Despite labor inefficiencies and transitional challenges, venture capital activity is on the rise in Romania, a country many view as one of the last unexplored frontiers in Eastern Europe.
At present, there is approximately $500 million of venture capital invested in Romanian companies. While that’s a small sum compared with other countries, VCs say it represents only a portion of the total money venture capital funds have committed to investing in Romania. With the country’s economy improving, an increasing number of venture capitalists are giving this nation of 22.3 million people a closer look.
“In the long term there are certainly opportunities for high returns,” said Gregory White, chief operating officer of Value Quest, a division of TA Associates, and board member on the Romanian-American Enterprise Fund.
Laying the groundwork for VC investments is Romania’s improving economy, which is positive for the first time in three years. Inflation is down from 50% to 30% – and declining – and exports rose 29% in the first quarter of 2000 over the 1999 first quarter. The country isn’t short on start-ups, either. According to the Romanian Commission on National Statistics, 1,993 new companies with foreign venture capital were registered in Romania in the first quarter of 2000 and although, on average, very little money was invested, this represents the country’s entrepreneurial mindset.
Thus far, most of the VC funds there have focused on health care, consumer goods, distribution and retail, telecommunications and, just recently, the Internet. Unlike the U.S. market, an initial public offering on a Romanian stock exchange such as the Bucharest Stock Exchange or the RASDAQ is not a viable exit, VCs said. Instead, investors have seen success exiting through sales. One example is the Romanian Investment Fund’s recent sale of Monopoly Media, which generated an IRR of 45% in one year. Advent International acquired 90% of Monopoly, paying a little more than $7 million.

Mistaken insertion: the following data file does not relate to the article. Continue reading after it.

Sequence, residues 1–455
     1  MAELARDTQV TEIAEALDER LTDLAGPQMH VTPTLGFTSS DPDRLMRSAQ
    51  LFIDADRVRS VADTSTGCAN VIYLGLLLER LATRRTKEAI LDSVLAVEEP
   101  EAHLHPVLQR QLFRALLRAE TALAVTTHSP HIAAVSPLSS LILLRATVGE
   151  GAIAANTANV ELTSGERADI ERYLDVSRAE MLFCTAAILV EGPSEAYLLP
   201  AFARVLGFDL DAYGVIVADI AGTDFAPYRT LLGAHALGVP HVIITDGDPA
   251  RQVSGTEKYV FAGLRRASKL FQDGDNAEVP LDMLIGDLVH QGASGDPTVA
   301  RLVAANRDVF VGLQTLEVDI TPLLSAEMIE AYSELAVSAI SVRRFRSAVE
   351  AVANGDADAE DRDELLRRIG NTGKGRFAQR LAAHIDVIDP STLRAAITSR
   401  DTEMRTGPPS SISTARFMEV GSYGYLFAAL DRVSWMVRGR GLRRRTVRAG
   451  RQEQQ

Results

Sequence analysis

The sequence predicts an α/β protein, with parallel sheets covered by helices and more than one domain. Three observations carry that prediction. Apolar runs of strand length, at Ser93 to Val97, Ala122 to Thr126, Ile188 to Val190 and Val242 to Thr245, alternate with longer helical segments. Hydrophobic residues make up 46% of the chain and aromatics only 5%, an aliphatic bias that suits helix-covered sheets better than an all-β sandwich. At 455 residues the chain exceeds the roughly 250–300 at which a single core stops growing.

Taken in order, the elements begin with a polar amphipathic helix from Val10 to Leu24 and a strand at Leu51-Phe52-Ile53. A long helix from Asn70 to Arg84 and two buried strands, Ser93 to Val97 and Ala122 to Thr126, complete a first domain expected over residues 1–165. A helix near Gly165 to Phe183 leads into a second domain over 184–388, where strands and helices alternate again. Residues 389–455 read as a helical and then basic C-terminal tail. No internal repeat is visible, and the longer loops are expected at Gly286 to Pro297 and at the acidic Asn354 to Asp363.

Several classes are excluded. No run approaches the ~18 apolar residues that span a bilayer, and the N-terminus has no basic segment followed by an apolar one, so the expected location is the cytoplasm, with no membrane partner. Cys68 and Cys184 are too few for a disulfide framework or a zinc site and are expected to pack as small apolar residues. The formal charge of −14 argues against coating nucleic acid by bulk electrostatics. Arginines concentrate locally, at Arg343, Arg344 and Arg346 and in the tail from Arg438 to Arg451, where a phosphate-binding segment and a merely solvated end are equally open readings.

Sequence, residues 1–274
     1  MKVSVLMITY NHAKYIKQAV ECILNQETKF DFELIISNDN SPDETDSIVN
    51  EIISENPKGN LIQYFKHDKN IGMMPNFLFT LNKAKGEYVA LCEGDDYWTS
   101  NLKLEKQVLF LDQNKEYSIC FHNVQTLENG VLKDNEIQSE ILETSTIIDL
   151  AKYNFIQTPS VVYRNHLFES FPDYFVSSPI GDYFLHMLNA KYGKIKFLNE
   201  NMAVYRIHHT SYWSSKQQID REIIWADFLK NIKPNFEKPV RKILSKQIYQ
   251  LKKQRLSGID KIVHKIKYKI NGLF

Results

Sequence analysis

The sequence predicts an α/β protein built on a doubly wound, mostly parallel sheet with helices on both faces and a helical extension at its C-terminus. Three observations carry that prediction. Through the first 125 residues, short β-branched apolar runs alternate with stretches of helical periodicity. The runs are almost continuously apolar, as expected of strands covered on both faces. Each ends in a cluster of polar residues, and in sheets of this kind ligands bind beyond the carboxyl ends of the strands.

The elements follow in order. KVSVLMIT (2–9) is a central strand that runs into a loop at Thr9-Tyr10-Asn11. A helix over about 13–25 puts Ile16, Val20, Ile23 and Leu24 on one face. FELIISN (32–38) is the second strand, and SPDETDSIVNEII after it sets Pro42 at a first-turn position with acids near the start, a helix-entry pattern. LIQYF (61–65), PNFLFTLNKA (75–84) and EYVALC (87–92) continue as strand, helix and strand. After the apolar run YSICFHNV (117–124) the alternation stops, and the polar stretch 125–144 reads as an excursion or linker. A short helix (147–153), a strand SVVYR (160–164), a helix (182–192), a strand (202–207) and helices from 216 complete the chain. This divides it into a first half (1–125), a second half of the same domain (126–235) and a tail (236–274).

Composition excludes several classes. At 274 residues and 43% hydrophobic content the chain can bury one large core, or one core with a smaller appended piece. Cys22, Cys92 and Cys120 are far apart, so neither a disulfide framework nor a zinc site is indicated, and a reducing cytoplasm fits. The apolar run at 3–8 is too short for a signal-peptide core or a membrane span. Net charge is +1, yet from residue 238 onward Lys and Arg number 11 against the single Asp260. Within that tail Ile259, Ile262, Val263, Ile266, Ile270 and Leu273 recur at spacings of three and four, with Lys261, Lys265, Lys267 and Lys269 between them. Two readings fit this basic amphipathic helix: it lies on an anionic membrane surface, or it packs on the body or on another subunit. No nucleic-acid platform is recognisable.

Many VCs are comparing Romania’s current venture capital investment prospects to those of Poland a few years ago and believe that strategies that worked in Poland in the past will work in Romania today. Cornel Marian, senior investment officer and head of Oresa Ventures Romania, cited the optics industry, which has grown in Poland but is a wide-open field in Romania. “In Romania you can come in and be the first,” he said.
Since there are relatively few venture capital funds in the area and banks do not make long-term loans, entry valuations are quite appealing right now, added Marian.
That said, Romania still presents a host of challenges to any investor. Problems related to inefficiency are common: TA’s White tells of visiting a manufacturing company that diligently maintained a year’s supply of obsolete material and employed, on average, 10 people to do the job of one.
More deleterious for venture capitalists in Romania is the risk of fraud. Although not directly related to venture capital, the National Investment Fund (NIF), a unit trust, recently collapsed as a result of fraud, causing investors to lose $48 million. “This comes with the territory when investing in the wild, wild East,” said a Silicon Valley executive currently recruiting Romanian engineers for his U.S. venture-backed technology start-up. One positive development from this recent event is that Romanian authorities have vowed to create stricter financial market rules with the help of the International Monetary Fund.
Government red tape is another obstacle, as it slows the process of obtaining licenses for Internet service providers said Esther Dyson, head of New York-based EDventure Holdings. Bureaucracy is why she will not invest in government-related companies or companies that depend on licensing.
One way foreign VCs are trying to combat these challenges is by westernizing their investments. Oresa Ventures, for example, currently has a Romanian management team on just one of its 14 portfolio companies; the rest are comprised of members from the U.S., England, Germany and other western countries. Marian said the goal is to transfer management to local teams within three to four years. White points out that there is a strong educational base in the country and as exposure to the West becomes more frequent, Romania will begin to shed its often inefficient business habits.
Looking ahead, the most immediate potential speed bump is the Romanian elections in November. Sources say that if the left, which was leading the election polls in May, manages to take power, reform could be retarded. However, the incentive of money from the IMF and the preparations necessary to join the European Union will be enough to keep any government – incoming or incumbent – on the reform track, said Raymond Beimers, an Eastern Europe analyst at ABN Amro.
Most likely, no new funds will be created before the elections. However, with the overall economy apparently headed in the right direction, several venture capitalists said they are looking for Romania to follow Poland on the path to strong private equity returns.